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Indigenous youth held a sit-in at the statue following the discovery of a mass grave at a former residential school in BC
The statue of Egerton Ryerson has become a focal point for anger and grief following the discovery of an unmarked mass grave containing the remains of 215 children at a former residential school site in Kamloops, BC.
On Monday night, Indigenous youth staged a sit-in near the statue on Ryerson University’s downtown campus until 215 shoes were placed there. It has also been splattered with red paint and covered in graffiti that reads “dig them up.”
On Instagram a group called X University (@wreckonciliation_x_university) said, “We will be occupying the space until we meet 215 pairs of shoes.” The group’s name refers to the push to remove the statue and rename the university.
Egerton Ryerson was the chief superintendent of education for Upper Canada and his recommendations were “instrumental in the design and implementation of the Indian Residential School System,” according to a plaque installed outside the statue on Gould Street in 2018.
“In 2015, the Truth and Reconciliation Commission reported that children in the schools were subjected to unthinkable abuse and neglect, to medical experimentation, punishment for the practice of cultures or languages and death,” the plaque reads. “The aim of the Residential School System was cultural genocide.”
There have been repeated calls over the years from Indigenous students and activists to remove the Ryerson statue.
Last July, Black Lives Matter splattered the statue with pink paint and demanded the school take it down. Police later arrested and charged three people with mischief, leading to an hours-long standoff outside 52 Division.
The university’s president Mohamed Lachemi responded to the protest action by acknowledging Egerton Ryerson’s role in Canada’s residential schools policy, but said the school had not made a decision on whether or not to remove the statue.
“It is so important to examine, discuss and debate issues that are deeply intertwined with our individual and collective histories,” he wrote.
Lachemi released a statement on May 31 in response to the discovery of the Kamloops residential school burial site that offered sympathies and listed support services, but did not mention the statue.
“As I think of the challenges and impact this news has on the Indigenous community here at Ryerson, I am asking our community to pause and reflect,” he said.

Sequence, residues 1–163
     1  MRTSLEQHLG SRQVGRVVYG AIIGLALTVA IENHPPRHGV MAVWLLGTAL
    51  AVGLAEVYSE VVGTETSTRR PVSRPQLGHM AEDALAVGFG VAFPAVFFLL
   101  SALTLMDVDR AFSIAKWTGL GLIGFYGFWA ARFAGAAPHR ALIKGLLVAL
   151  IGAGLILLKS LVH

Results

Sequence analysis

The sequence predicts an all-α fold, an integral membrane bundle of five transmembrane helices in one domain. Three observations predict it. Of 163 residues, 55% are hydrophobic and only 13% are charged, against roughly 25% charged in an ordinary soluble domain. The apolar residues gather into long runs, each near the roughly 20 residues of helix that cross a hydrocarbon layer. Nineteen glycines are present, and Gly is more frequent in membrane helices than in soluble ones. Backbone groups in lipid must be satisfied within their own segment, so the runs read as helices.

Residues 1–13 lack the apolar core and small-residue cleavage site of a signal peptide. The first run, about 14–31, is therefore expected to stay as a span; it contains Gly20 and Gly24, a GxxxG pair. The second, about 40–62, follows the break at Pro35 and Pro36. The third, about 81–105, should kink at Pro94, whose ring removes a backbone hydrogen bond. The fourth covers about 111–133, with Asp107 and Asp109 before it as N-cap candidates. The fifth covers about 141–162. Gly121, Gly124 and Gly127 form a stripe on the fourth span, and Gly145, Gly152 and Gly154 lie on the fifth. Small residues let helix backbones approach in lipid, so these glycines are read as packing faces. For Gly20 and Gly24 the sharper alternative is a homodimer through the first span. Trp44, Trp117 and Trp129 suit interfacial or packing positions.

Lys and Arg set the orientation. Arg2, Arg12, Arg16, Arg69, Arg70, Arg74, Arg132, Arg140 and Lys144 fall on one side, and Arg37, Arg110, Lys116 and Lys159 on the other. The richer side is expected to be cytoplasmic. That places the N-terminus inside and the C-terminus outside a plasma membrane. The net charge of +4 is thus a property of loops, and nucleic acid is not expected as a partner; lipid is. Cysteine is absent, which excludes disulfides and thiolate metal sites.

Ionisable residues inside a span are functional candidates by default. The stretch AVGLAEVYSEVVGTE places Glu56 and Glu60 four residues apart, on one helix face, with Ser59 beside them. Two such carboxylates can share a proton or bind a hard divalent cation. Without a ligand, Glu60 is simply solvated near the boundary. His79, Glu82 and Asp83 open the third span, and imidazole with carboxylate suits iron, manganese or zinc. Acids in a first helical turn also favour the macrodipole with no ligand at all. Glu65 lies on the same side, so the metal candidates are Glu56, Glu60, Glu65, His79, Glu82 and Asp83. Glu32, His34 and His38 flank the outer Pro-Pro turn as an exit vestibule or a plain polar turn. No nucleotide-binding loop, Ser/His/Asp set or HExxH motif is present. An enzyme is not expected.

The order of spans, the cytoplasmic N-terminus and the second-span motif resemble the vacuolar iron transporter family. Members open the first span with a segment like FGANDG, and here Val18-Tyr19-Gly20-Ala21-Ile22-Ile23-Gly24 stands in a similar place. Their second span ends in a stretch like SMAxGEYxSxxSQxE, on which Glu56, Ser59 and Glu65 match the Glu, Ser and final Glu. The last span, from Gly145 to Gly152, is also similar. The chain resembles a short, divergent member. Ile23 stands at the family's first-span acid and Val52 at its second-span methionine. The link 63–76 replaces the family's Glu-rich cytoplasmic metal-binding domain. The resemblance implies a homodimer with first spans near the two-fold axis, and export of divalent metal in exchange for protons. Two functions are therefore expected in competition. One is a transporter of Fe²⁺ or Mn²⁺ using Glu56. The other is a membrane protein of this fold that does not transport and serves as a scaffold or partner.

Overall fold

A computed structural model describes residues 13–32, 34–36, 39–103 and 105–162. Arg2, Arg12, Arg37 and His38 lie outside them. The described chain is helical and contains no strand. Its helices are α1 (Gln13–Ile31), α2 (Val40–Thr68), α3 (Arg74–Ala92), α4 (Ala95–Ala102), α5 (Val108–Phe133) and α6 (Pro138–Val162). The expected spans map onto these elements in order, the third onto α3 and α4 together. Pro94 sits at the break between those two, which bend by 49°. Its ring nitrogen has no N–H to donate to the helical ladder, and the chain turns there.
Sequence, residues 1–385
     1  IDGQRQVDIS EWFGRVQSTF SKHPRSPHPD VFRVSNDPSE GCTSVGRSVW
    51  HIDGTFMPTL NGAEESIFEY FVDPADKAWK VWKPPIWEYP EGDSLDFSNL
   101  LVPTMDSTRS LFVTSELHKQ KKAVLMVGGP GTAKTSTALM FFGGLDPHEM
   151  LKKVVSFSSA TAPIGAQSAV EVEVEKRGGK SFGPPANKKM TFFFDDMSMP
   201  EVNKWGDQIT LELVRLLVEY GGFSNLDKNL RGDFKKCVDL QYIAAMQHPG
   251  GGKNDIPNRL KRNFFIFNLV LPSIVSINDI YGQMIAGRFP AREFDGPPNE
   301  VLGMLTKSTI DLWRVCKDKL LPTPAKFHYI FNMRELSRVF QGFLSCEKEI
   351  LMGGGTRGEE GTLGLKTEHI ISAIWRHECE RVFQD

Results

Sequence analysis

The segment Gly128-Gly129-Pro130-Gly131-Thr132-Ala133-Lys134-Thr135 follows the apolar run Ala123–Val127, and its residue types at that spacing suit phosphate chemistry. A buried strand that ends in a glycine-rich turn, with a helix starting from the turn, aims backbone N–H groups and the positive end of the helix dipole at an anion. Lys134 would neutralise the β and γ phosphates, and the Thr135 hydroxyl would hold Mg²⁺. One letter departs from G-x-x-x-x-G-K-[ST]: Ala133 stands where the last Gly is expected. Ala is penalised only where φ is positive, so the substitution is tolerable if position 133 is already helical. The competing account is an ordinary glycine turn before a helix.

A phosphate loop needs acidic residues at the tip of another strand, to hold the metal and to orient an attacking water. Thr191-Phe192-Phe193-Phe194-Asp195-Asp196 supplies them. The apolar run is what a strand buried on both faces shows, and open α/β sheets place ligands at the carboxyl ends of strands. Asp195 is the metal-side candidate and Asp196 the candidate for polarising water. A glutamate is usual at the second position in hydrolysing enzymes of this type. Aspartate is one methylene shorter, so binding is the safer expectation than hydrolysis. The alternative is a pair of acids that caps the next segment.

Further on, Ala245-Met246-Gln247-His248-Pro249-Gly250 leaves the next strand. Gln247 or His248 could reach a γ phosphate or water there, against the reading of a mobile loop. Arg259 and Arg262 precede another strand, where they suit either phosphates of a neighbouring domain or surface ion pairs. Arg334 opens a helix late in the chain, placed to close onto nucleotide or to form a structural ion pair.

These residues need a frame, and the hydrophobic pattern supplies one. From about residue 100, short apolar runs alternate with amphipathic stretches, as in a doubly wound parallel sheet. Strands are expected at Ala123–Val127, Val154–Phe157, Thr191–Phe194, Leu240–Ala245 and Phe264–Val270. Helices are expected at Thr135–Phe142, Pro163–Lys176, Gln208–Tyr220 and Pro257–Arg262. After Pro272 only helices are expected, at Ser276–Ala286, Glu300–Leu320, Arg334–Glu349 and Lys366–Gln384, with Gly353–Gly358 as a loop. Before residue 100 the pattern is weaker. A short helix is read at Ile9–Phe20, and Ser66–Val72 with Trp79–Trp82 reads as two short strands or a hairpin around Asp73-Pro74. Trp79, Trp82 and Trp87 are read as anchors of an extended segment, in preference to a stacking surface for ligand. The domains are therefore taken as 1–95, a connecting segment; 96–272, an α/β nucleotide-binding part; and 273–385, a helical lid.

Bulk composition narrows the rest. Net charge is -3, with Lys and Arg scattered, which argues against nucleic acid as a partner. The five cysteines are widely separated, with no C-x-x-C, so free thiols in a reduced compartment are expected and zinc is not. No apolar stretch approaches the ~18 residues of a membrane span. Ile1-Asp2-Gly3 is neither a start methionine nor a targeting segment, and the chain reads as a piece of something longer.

On May 28, Tk’emlúps te Secwépemc Kukpi7 (chief) Rosanne Casimir announced that ground-penetrating radar technology helped discover the remains at the Kamloops Indian Residential School, which was once the largest residential school in Canada.
“I want to extend my heartfelt gratitude for the outpouring of support to our community,” Casimir said in a follow-up news release on Monday night. “Thank you for helping us bring to light such hard truths that came from the preliminary findings regarding the unmarked burial sites of Kamloops Indian Residential School students so that we may begin the process of honouring the lost loved ones who are in our caretaking. We love, honour, and respect these children, their families and communities.”
Prime Minister Justin Trudeau said on Monday he would meet with cabinet ministers overseeing Indigenous policy to discuss what action could be taken but did not give details.
Federal NDP leader Jagmeet Singh has called for an emergency debate in the House of Commons and said Ottawa should investigate and finance the identification of other similar unmarked burial sites.
In response to Trudeau and the other federal parties, Casimir wrote: “We acknowledge your gestures, but as a community who is burdened with the legacy of a federally mandated Indian Residential School, Canada must face ownership and accountability to Tk̓emlúps te Secwépemc as well as all communities and families. Our community is still gathering all the facts in this evolving tragedy. We will keep you informed as more information comes to light.”